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EARLIER: Large crowd attends Williams’ funeral

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‘We need to come together in peace’

By Lisa King

Wednesday dawned gray and gloomy, as if the sun itself stood at half-mast for a community in mourning for a young man whose life was cut tragically short.

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A long funeral procession wound slowly from Shelby Christian Church onto U.S. 60 shortly before 4:30 p.m., amid a light, misting rain, bearing 18-year-old Trey F. Williams to his rest.

A large crowd of perhaps 200 or more had turned out to pay their last respects to the teen who was shot and killed Saturday afternoon in an altercation with Shelbyville police at his grandmother’s home on Clifton Court.

Since that day, the community of Shelbyville has struggled on many levels to come to terms with this tragedy.

Said Betty Harris, a Martinsville resident who attended a community-wide service at nearby Shelby Congressional Methodist Church on Tuesday night: “The community has to come together. We hope this service will help us heal. Everybody’s just trying to make sense of what’s happened.”

As Kentucky State Police continue to investigate the sequence of events that took Williams’ life, the community struggles to come to term with the death of a teenager so many loved in such a horrible way.

Rev. Justin Barnes of Greater Shiloh Temple consoled hundreds of mourners at Williams’ private, 2-hour funeral on Wednesday, and the service Tuesday night in Martinsville brought comfort to perhaps 100 more who overflowed the church.

 “Things happen that we can’t understand, but one thing we know is that what we don’t need is to become more divided,” Rev. Ron Walker, pastor of Shelby Congressional Methodist Church told those assembled at the small frame building on Martin Luther King Street.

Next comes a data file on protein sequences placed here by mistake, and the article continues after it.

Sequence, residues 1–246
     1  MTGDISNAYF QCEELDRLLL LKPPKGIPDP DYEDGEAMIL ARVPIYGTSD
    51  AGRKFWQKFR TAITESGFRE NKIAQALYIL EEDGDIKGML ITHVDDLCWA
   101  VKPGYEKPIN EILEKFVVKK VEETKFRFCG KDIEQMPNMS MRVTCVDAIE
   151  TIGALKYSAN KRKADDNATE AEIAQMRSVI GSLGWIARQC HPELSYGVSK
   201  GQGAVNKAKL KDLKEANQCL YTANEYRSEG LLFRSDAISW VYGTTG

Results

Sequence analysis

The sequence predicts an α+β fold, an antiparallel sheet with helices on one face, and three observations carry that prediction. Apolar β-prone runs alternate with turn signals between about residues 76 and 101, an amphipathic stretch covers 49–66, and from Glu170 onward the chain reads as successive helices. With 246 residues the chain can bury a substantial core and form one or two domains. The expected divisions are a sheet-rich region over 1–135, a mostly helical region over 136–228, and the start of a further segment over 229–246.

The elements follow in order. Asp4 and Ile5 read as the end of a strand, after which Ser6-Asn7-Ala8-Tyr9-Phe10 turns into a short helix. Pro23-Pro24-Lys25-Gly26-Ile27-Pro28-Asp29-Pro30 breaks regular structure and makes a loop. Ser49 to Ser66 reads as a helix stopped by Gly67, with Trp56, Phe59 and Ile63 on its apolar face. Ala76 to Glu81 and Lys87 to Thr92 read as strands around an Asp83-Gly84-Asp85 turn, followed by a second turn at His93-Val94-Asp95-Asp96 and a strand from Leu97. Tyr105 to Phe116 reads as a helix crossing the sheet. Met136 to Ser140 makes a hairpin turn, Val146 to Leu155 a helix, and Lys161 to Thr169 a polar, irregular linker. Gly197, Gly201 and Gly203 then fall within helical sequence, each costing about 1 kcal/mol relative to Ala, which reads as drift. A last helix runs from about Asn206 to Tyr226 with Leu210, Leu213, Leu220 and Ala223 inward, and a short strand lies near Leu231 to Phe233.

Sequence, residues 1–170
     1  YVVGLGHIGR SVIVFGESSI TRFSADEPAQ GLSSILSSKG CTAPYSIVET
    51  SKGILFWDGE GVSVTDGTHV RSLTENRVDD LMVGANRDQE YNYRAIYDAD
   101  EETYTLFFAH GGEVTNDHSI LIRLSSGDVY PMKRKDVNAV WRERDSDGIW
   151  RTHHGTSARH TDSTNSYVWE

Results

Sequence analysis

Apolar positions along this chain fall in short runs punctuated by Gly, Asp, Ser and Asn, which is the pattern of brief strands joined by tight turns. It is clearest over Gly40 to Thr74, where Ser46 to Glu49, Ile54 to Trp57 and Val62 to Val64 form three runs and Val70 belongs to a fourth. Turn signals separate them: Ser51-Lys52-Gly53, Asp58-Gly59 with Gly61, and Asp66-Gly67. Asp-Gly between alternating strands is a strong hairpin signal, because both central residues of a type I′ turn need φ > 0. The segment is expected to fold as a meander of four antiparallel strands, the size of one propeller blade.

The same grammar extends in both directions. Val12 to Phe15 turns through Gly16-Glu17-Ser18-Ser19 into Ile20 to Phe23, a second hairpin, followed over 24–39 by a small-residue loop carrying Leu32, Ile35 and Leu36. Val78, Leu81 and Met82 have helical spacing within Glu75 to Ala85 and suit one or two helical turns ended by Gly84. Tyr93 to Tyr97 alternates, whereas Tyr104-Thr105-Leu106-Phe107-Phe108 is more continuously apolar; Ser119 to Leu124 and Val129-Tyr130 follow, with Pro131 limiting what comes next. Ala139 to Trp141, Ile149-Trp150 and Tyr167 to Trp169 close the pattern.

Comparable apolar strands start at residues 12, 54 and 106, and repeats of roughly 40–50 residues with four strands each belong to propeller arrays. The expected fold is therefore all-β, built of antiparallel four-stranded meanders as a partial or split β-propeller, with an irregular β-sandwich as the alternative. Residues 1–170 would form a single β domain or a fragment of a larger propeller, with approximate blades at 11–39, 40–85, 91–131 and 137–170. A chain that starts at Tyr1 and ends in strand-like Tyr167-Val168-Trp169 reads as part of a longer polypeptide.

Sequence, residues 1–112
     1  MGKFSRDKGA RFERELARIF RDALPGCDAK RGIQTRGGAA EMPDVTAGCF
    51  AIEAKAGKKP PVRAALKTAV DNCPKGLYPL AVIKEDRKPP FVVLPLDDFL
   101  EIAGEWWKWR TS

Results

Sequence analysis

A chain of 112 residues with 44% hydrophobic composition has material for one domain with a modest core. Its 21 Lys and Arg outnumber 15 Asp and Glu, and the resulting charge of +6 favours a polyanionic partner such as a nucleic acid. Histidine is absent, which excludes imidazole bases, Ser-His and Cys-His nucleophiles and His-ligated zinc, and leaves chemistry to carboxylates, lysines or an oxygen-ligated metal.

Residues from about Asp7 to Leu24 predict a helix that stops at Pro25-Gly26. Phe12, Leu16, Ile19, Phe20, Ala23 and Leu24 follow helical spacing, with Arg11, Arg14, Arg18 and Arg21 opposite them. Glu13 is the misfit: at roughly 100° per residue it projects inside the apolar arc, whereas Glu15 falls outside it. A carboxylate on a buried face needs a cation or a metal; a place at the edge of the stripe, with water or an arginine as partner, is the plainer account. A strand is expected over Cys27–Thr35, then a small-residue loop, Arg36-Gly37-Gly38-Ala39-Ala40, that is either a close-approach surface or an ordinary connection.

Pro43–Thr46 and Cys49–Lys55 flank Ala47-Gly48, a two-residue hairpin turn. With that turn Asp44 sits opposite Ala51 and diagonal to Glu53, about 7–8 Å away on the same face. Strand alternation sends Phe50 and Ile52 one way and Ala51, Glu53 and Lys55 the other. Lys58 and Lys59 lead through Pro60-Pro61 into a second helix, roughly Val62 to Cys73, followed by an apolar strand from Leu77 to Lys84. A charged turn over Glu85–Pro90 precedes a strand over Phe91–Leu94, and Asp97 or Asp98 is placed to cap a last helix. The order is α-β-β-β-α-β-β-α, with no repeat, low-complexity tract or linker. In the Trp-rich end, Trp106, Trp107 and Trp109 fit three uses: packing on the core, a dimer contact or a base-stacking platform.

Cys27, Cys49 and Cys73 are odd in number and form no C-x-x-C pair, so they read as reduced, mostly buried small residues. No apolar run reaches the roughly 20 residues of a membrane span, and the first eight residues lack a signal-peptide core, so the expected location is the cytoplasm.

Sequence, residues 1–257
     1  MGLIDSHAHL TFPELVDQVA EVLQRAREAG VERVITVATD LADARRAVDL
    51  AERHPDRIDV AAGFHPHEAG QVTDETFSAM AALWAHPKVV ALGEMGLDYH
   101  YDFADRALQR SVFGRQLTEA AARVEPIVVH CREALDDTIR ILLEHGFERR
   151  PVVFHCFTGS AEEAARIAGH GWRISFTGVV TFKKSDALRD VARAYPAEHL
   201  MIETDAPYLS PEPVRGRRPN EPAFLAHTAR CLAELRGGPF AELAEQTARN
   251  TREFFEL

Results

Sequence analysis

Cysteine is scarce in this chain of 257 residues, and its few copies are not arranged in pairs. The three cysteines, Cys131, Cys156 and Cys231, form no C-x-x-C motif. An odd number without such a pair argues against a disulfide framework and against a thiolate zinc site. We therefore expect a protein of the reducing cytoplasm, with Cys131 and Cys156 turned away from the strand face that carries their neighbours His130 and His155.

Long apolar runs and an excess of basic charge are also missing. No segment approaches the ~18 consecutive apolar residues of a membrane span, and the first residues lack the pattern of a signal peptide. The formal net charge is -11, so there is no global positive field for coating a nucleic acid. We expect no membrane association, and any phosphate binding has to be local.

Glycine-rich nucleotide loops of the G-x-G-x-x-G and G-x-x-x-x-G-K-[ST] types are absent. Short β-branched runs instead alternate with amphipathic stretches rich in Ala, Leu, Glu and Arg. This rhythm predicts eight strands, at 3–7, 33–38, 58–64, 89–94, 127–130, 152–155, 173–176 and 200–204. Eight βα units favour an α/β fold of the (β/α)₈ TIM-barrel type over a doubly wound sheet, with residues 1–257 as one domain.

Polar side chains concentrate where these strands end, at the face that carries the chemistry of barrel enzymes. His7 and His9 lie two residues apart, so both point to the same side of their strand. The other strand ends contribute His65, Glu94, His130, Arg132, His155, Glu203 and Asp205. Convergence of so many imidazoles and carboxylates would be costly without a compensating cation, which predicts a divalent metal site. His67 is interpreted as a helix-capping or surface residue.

“We need to come together in peace; we need unity, that’s what we need,” Walker said, with arms upraised, while many in the audience nodded, some with tears in their eyes.

“This family needs prayers; this community needs prayers, and most of all, we need to be one,” he said. “Every generation has to go through its troubles; this generation can survive, it will survive. It just needs some guidance.”

Walker looked around the small sanctuary, which was packed to capacity, with some people even standing along the walls, and asked if there were any prayer requests.

What followed filled the minister’s eyes with tears as he listened to prayer requests for the youth of the community, for lost souls, for friends and relatives in distress, and especially for Williams’ family.

“We just all need to give them, and the whole community, our prayers,” said one woman. “You would be surprised how many blessings come to you if you would just open your heart and pray.”

The crowd murmured in agreement as one man spoke up, saying, “We’re praying right now for our community to come together, and we should. But we shouldn’t wait until tragedy strikes to pray for that.”

No new details of the investigation emerged Wednesday.

Shelbyville Police officers Suzanna Marcum and Frank Willoughby remain on administrative leave as the KSP’s investigators continue to sort through information to piece together a “why” that is haunting so many in this case.

KSP spokesperson Ron Turley has said that Marcum fired the shot that killed Williams, regarded by those who knew him to be a kind, loving man, in the home of Dorothy Farris off Mack Walters Road.

They were responding to a call of a man who had broken a window and entered the home, he said. Williams, a recent graduate of Shelby County High School, attacked the officers, rendering Willoughby incapacitated, prompting Marcum to shoot him.

Williams’ family members say they want to be sure they get all the answers in the case, and they’ve hired Louisville attorney Frank Mascagni to represent them.

Turley said the case ultimately will be reviewed by a grand jury.